Google will require contracting companies it does business with to give employees health care, parental leave and other benefits. The decision comes after months of activism from Google staff and contractors asking for equal treatment.
The new policy will require health benefits, sick leave, a $15 minimum wage, paid parental leave and $5,000 a year for education, a Google spokeswoman wrote in an email.
More than half the internet giant’s workforce is not full time. The company pays for tens of thousands of contractors, temporary workers and vendors — known internally as TVCs — who do everything from serving food in cafeterias to software code. Some of these people are employed by large staffing firms, including Adecco Group AG and Randstad NV.
Alphabet Inc.’s Google is famous for generous benefits and luxurious working conditions. Now, contracting firms will have to offer some of these expensive benefits, too.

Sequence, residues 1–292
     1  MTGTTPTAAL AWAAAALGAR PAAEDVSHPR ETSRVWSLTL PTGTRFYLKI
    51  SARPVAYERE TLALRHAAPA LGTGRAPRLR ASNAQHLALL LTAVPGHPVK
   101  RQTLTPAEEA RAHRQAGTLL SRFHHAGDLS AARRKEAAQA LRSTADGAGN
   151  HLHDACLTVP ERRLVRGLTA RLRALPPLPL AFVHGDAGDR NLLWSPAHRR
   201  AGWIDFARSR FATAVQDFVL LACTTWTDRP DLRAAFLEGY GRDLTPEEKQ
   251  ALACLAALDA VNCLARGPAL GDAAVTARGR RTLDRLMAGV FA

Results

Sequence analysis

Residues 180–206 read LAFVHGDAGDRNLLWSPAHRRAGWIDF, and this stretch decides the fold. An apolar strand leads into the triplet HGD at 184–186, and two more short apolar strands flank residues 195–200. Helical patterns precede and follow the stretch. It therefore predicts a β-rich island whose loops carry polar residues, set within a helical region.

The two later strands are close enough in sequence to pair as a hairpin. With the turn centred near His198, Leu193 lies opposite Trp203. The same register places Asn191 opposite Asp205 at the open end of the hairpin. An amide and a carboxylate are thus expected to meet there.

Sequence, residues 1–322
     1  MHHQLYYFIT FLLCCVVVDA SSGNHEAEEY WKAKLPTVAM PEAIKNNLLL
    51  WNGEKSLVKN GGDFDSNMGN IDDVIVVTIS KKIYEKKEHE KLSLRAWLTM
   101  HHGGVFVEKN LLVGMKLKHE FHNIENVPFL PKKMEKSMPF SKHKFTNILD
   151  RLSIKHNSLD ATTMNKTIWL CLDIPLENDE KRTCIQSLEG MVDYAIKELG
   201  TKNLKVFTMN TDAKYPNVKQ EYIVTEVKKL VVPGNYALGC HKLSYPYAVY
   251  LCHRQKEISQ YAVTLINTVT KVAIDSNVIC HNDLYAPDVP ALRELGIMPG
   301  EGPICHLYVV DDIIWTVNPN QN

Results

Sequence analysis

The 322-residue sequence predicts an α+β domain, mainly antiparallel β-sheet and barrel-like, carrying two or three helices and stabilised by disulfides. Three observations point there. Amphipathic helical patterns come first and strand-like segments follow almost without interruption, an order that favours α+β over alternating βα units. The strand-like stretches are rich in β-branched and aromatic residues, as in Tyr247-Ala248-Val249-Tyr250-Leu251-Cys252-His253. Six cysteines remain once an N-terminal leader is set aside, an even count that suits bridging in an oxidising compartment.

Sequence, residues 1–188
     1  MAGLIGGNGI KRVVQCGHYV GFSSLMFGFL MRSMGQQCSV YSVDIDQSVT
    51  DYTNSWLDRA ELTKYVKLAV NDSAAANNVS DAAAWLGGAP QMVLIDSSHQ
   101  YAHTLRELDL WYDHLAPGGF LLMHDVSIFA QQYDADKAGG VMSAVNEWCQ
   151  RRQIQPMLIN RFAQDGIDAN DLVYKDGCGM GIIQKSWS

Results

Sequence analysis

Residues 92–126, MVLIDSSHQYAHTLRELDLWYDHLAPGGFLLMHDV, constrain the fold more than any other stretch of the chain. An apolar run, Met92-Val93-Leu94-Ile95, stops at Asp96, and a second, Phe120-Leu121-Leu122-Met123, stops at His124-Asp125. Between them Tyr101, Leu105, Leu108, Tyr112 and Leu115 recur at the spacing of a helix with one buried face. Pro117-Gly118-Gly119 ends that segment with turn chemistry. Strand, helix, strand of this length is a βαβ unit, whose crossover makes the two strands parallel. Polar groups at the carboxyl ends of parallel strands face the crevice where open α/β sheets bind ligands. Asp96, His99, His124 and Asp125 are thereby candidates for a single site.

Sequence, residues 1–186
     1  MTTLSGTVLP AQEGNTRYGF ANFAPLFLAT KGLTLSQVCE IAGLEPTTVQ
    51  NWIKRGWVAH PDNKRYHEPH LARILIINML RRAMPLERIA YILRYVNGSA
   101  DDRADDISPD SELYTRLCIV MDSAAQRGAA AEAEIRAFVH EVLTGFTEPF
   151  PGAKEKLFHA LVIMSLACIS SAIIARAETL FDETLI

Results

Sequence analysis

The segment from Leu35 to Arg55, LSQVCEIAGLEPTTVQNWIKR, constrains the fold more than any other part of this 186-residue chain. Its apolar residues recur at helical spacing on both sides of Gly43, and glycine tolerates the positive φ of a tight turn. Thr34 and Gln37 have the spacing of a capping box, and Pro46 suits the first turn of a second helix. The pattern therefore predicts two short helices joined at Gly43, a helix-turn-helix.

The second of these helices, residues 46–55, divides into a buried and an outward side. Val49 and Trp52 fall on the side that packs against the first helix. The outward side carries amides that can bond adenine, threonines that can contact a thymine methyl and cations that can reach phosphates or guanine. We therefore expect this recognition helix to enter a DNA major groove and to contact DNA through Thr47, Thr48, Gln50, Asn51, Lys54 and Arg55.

Google’s top requirement is comprehensive health care that covers the employee and their dependents and includes hospitalization, preventative and wellness services, laboratory and emergency services, prescription drugs, mental health services, labor and delivery, newborn and pediatric services, oral and vision care, rehabilitative and habilitative care, and counseling.
A Google representative told the Hill that the company will give suppliers until 2022 to institute the health-care benefits. The Hill reported Google’s move earlier.
Contracting firms must also provide a minimum of eight days of sick leave, plus 12 weeks of paid leave for birth parents, non-birth and adoptive parents. The $5,000 a year for education will be in the form of tuition reimbursement to learn new skills or take courses, Google said.
“Going forward, in order to do business with Google, all companies that employ U.S. vendors and temporary staff will need to provide these things,” the spokeswoman said.